The browser-based client will actually be streaming a heavy client that is run in the cloud, he said.
“There will be people who will always prefer the thick client,” he said. “But as data rates go up, it will be interesting to see what becomes more prevalent.”
As with other virtual worlds, there is a limit as to how many visitors can gather in a single location. In ProtoSphere, the limit is 60 visitors in a single zone, and 500 visitors to a single world.
In the Second Life/OpenSim universe, by comparison, the limits are 20 to 80 visitors per region – depending on server configuration – and unlimited visitors world-wide.
The single biggest difference between Second Life and ProtoSphere is that there is almost no user-created content. Instead, ProtonMedia will create the content on behalf of its customers. The company’s history is in corporate training simulations, however, so they know what they’re doing.
In 1999, the company launched, creating learning environments in Flash and Shockwave. This focus on training environments comes through in the design of the virtual world as well.
“We haven’t built a platform to build endless possibilities,” said ProtonMedia CEO Ron Burns. “We narrowed the application.”
To help companies use and administer these learning environments, visitors are assigned into user classes – participants, moderators, and administrators.
Moderators have the ability to mute individual attendees, for example, while giving a presentation.
ProtonMedia is a Microsoft partner, and enterprise customers who use Microsoft technology will be happy to have back-end integration with SharePoint and Active Directory.
The company also integrates with enterprise resource planning systems from Oracle and SAP, he added.
“We think that’s a key differentiator,” said Burns.
The platform also supports real-time desktop sharing, he added. Media can be displayed on surfaces within the virtual world as well as in separate windows in the virtual world viewer. Desktops can currently be displayed only in separate windows, but application sharing on surfaces is due in April.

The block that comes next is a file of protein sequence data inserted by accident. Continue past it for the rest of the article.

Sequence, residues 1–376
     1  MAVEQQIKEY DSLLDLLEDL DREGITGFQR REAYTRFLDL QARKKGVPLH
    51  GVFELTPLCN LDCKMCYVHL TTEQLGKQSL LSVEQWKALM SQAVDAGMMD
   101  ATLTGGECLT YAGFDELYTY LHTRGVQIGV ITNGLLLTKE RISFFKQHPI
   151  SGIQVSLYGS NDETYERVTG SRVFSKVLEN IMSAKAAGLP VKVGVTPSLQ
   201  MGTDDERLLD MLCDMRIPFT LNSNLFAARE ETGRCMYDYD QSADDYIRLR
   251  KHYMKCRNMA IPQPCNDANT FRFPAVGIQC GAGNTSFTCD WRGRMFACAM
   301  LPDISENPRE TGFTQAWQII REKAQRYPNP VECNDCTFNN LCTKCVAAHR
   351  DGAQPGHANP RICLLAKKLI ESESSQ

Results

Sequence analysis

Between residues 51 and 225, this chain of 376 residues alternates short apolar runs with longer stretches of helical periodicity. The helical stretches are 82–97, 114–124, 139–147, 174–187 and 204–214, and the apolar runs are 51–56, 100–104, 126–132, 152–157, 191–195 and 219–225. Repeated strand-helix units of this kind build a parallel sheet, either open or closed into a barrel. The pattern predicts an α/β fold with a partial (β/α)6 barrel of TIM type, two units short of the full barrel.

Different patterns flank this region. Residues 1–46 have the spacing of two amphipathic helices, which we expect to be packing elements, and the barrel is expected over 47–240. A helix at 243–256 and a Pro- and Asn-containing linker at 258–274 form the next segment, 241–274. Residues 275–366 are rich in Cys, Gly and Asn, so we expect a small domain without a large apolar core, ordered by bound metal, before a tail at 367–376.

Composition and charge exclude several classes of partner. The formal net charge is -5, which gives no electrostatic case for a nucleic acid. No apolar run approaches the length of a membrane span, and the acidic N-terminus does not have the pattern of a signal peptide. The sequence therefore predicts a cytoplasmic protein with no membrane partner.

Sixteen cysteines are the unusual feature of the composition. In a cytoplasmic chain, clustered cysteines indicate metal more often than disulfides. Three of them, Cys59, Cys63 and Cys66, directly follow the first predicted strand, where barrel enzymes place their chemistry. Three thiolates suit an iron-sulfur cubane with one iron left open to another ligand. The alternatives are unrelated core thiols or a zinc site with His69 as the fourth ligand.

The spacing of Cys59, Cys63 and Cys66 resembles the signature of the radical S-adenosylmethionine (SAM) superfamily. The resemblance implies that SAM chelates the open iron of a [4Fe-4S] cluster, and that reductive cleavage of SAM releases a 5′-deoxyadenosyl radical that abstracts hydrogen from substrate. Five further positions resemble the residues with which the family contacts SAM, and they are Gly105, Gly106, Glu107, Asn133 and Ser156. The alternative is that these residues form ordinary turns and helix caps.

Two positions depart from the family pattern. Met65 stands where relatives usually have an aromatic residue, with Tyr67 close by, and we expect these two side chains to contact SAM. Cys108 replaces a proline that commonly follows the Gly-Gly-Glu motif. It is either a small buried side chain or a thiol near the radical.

The company works with third-party training platforms as well, he said, and integrates them into an immersive environment for customers.
“The e-learning system allows them to send students into simulations, track their learning, and then pull them back into a [virtual] classroom,” he said. “I could literally pick up your avatar and fire you into your own asynchronous simulation. And I can observe the scores of the simulation in real time and jump in and help at any time.”
The company doesn’t offer support for open-source learning platforms like Moodle – and its Second Life cousin, Sloodle – because of a lack of demand on the part of corporate customers, he said.
“Most of our corporate customers buy a commercial learning management system,” he said.
ProtoSphere, while pricy compared to over virtual world platforms, is inexpensive when compared to face-to-face training programs – especially considering the travel and facilities bugets they require.
But the platform offers other advantages besides cost savings.
“There’s an interesting social lubrication effect that’s happening,” Burns said. “In real life, you might be intimidated to go up and talk to that senior scientist or that senior VP of engineering, but in a virtual environment you feel less intimidated to engage.”
Rozwell said she “would definitely recommend that an organization look at ProtonMedia.”
Even as more vendors are jumping on the virtual world bandwagon, the use cases are becoming more clear for enterprise adopters.
There are opportunities for virtual environments where they are a superiod medium for interaction than the real world would be,” she said. “But what we’ve also seen is that there are still people, senior management in a position to make the purchase decision, who take a look at these environments and still view them as some type of video game. They can ignore or discount the value of an environment for work purposes. That’s part of the challenge that the vendors have to get over.”